Senate Votes on FMAP: Just this morning the Senate voted to end debate on a bill that would provide funding for FMAP (Federal Medical Assistance Percentages).  The Senate bill would help states pay for Medicaid and prevent teacher layoffs.  The bill is paid for by closing corporate tax loopholes and rolling back funding for food stamps.  Nelson voted yes, Johanns no.  View Here

Energy Bill is Always the Bridesmaid: Energy legislation from the Senate is halted once again.  Now the Senate won’t vote on an energy bill until after the August recess.  The latest bill is a reaction to the BP spill and would lift the cap on liabilities oil companies would pay after a disaster.  View Here


Tuesday, August 3rd

Happy Tuesday everyone.  In case you didn’t know, the first week in August is National Clown Week.  Apparently Richard Nixon felt particularly beholden to the clown lobby that swept him into office.  Here’s your roundup:

 KETV Digs Deep on the Pipeline: Channel 7 had a two part investigative piece on the Keystone XL pipeline that aired Sunday evening.  Needless to say, we loved it.  Snaps for reporter Ryan Luby.  View Here

Paul Fell does the NE GOP Convention: If you’re political cartoon junkies like us and haven’t signed up for The Daily Felltoon, you should.  You get a good morning blog and a little funny in your inbox every day (which makes the dreaded Mondays a little more bearable).  View Here

Nelson’s now a Republican: Just kidding.  Time columnist Joe Klein suggested in an article over the weekend that Senator Ben Nelson might switch parties if the Republicans made substantial gains in November.  How Klein could expect Nelson to win a GOP primary in Nebraska is beyond us; Don Walton is 100% right.  View Here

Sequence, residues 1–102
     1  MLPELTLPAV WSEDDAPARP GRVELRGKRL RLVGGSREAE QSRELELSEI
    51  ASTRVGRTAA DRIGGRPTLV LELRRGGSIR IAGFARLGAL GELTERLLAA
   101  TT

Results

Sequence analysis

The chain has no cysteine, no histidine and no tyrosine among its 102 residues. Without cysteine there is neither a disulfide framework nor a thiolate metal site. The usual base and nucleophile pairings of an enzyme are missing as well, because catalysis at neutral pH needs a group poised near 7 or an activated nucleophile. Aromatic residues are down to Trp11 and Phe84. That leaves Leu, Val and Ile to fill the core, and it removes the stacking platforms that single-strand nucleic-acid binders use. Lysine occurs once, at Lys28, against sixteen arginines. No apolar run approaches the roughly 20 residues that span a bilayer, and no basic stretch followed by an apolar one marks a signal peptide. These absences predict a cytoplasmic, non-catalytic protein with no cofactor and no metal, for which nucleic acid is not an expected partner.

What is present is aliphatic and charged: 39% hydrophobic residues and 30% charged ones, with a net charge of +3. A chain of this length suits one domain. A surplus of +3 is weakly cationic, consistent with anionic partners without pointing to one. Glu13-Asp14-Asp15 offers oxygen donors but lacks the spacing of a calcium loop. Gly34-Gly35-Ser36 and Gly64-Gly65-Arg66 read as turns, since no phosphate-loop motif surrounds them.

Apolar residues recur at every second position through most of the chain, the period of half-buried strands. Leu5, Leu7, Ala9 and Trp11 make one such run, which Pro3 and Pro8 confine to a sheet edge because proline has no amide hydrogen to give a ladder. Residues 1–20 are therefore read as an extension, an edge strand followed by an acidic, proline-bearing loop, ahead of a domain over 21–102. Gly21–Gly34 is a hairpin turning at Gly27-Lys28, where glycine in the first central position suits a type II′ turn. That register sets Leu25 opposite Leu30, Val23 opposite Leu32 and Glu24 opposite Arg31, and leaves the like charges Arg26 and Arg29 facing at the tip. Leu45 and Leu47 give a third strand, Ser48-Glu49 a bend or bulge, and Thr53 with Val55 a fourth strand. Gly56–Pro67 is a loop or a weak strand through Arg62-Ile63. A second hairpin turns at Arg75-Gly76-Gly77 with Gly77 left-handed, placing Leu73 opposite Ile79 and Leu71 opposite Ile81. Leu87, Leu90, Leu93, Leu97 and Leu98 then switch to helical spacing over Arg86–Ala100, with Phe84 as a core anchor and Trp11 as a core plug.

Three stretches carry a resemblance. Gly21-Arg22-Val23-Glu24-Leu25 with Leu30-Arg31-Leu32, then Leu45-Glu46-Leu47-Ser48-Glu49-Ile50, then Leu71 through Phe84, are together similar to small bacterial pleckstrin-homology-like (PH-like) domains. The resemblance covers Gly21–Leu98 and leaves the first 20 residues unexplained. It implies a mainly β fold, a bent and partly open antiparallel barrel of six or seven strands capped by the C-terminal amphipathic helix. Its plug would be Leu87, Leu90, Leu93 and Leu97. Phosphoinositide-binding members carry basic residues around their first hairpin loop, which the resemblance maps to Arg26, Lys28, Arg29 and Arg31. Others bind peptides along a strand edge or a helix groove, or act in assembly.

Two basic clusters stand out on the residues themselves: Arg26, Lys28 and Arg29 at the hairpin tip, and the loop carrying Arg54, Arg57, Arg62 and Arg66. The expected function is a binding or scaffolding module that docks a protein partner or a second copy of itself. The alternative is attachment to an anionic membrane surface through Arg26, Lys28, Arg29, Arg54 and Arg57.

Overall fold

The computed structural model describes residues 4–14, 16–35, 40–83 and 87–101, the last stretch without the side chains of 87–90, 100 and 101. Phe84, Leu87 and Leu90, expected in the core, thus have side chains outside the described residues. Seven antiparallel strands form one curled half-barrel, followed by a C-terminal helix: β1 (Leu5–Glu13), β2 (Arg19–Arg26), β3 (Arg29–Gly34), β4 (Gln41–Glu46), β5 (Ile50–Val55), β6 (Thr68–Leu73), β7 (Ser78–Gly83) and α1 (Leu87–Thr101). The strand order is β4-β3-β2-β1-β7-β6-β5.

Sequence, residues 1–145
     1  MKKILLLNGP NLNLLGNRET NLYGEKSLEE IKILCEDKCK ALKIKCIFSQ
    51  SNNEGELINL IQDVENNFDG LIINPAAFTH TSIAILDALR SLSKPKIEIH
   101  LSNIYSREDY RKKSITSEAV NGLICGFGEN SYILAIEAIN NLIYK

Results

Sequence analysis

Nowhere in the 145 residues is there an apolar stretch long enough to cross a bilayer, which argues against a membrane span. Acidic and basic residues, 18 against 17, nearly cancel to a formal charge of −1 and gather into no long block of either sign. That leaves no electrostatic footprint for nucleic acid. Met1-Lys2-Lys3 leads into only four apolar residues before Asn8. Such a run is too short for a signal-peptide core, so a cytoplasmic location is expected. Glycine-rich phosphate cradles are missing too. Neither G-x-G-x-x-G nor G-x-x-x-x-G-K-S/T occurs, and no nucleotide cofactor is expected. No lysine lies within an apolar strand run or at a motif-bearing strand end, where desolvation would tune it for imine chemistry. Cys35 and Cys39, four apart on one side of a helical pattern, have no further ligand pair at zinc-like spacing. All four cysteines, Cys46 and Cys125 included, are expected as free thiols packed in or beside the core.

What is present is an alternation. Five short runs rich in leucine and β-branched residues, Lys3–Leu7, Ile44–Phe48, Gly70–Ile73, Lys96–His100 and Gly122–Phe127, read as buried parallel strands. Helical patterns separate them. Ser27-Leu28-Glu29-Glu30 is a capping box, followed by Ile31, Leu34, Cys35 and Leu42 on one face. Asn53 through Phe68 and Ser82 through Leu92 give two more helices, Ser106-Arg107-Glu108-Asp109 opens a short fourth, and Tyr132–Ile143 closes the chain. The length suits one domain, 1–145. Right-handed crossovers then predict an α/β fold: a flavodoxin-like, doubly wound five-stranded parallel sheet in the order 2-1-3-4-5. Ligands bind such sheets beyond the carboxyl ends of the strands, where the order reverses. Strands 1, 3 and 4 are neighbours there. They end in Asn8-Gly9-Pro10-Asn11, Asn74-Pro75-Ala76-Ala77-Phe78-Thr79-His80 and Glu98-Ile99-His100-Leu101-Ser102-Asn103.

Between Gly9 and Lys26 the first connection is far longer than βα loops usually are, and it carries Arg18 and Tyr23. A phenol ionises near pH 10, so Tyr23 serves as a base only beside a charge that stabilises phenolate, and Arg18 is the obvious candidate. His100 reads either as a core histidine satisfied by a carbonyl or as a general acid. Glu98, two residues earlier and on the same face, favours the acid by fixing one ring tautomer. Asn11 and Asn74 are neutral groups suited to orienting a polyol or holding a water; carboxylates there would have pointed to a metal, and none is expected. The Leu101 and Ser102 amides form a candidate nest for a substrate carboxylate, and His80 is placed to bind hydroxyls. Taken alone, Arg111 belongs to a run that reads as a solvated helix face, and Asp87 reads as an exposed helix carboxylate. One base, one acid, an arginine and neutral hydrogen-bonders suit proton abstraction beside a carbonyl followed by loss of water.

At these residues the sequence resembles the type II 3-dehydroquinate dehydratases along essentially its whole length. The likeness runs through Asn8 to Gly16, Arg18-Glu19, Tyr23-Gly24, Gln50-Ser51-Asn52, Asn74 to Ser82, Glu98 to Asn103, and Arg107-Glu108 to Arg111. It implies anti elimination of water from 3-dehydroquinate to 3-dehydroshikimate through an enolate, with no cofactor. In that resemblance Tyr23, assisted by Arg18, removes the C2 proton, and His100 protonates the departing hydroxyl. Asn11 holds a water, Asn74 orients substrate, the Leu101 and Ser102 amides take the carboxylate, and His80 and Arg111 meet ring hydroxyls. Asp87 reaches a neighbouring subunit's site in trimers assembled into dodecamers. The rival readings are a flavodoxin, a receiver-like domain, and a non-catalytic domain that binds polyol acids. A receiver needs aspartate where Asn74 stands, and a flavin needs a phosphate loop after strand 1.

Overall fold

AZ Law Won’t Secure the Border: Don’t take our word for it.  Even Arizona’s Governor Jan Brewer admitted as much on Larry King Live.  Apparently she cares about securing the border, but she is standing behind legislation that does nothing to accomplish that.  But it does, only it doesn’t.  Yeah, we’re confused too.  View Here

Oberst v Ingrham settled by the Public Pulse: David Sink and Anne Carroll write some outstanding letters to the editor for the Omaha World-Herald.  They seem to agree with Matt Maginn that artists can be activists too.  Rock on Omaha, rock on.  View Here


Monday, August 2nd

Every morning the Bold Nebraska team rounds up their favorite news stories, here are the links for Monday, August 2:

If you can’t beat ‘em:  Don’t expect Gov. Heineman to join them.  The Governor has already refused to participate in the new high-risk insurance program (so the feds take care of any Nebraskans who need to be part of that program), and now he might not even be taking a $1 million grant to help build an exchange.  He’s also indicated that he won’t be establishing a formal system for groups to give input.  How is this leadership? View Here

Will vote for beer:  The Washington Post dares to ask if lawmakers are under the influence of alcohol lobbyists– particularly the National Beer Wholesalers Association.  The group contributed $45,000 to a representative’s campaign account two weeks after a bill that would directly influence their profits was introduced in the House. View Here

Speaking of drinking: The NE Medical Association is starting an aggressive campaign against pop and energy drinks.  They want to eliminate the tax exemptions for the sugary drinks, and they’re armed to the teeth with studies that show childhood obesity is linked to these beverages.  Guess who’s thinks the NE Medical Association is just in it for the taxes? View Here